Have you ever looked at emotional black and white photography? Sometimes, the color version of that photo doesn't have the same impact. Why not?
There are several reasons why black and white can evoke a more intense reaction from us as human beings. Why it can is a topic we'll explore in depth in another post. Realize this first, not all photos look better in color or in black and white.
Reading this post will give you a better understanding on determining when and how to get emotional black and white photos. Just take a second and move your mouse over the photo below to see it in black and white.
In this family portrait with dogs in the snow, the color version is clearly a nicer image. In the black and white version, the couples face almost fade away because of the flat lighting and the busyness of the background. The most important part of the portrait is the human faces and they show up so much better in the color photo.
Okay, let's turn to the 3 ways you can create black and white photos with impact. It's not just converting it to black and white with software. There's more to it than that. The best way to get powerful black and white photos is to follow this simple 3-step formula.
This post will give you inspiration to try some black and white photography and get a more emotional image.
I don't know the psychological reason for it, but when the color characteristics are removed from a picture, it sometimes automatically has more of an impact. Maybe without the colors, we focus more on the subject matter.
Certain subjects lend themselves well to be photographed in black and white, but which subjects? Subjects with strong compositional elements are usually good to use for subjects in black and white photography.
I know as soon as I got the idea to photograph the train tracks I knew I was going to process it as a black and white photograph. The strong diagonals contrasted with the repetition of the railroad ties and elimination color from the image makes the composition stronger.
Look to some of the basic building block materials of the earth and you'll find good subjects for black and white photos. Think about sand, rocks, metal surfaces, water, and air as starting points. Because black and white is "old fashioned" you can photograph subjects like old structures and rustic items.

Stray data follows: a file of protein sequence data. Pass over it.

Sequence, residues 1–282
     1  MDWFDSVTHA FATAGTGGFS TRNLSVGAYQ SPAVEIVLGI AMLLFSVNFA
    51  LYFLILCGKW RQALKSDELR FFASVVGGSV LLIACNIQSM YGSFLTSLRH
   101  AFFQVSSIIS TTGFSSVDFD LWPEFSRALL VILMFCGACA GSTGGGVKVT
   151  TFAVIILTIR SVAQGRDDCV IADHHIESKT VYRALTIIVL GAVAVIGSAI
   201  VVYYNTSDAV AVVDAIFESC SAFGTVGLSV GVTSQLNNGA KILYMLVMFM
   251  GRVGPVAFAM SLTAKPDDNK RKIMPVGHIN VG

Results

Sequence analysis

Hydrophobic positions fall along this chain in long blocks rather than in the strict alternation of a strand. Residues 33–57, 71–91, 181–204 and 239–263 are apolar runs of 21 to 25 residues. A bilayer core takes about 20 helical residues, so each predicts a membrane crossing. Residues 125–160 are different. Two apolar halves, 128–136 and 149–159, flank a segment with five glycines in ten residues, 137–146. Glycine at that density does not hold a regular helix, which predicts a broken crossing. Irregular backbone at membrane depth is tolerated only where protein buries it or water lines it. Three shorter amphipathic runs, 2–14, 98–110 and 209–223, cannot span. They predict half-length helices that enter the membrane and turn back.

Below is a good example of how a black and white photo has a little bit more pop to it that its color counterpart. The metal diamond plate is another good type of subject for a black and white image.
Photographs of people are also a good subject for black and white, provided the lighting is done right. The lighting becomes even more important with black and white. I used the natural light from this bay window for this color portrait of this young girl for her first holy communion.
I placed a large white card on the right to add a little fill light. The green color of grass is not overly distracting, but look what happens when we eliminate the colors and turn the photograph into a black and white.
Notice with the edited holy communion image, how the texture in the chair and woodgrain in the flooring are accentuated.
The photo of the flowers and the wall below was taken during a trip to Austria, where the sound of music was filmed. It's is a dreadful candidate for a black and white image. With the color of the red flowers and the green vegetation gone, this is a busy and drab photo, and at the same time has no center of interest.
LIGHT QUALITY: The quality of light isn't about how "good" or "bad" the light is but rather refers to how the light looks, how it portrays your subject and the rest of your photo. "Hard" light gives you harsher, more distinct shadows. "Soft" light produces softer, less distinct shadows. "Flat" lighting gives you shadowless lighting.
Shadows create texture. Without color to visually separate parts of your photo from each other, pay attention to how shadows are working in your composition. Move your mouse over the photo below to see it in color.
This is a good example of a photo that works both in black and white and color. In the color photo, the colors of the subject and the background go well together. In the black and white photo, the strong backlighting created good visual separation between the subjects and the background.
LIGHT INTENSITY: Brighter areas of your photo tend to come forward visually and darker parts of the photo recede. When color is eliminated, objects in the photo are separated by their lightness.
DIRECTION: This is a biggy. The direction that the light is coming from has a huge effect on how your subject appears. Light that comes in from the side creates more shadows, form and depth. You can make a subject look completely different by changing the direction of the lighting.
The lighting in this area of the university library was perfect for me to take a black and white approach to create an emotion in this portrayal of one of the college professors. I liked the contrast of all of the geometric shapes, the benches, the table, and the windows contrasting with the organic shape of the human figure.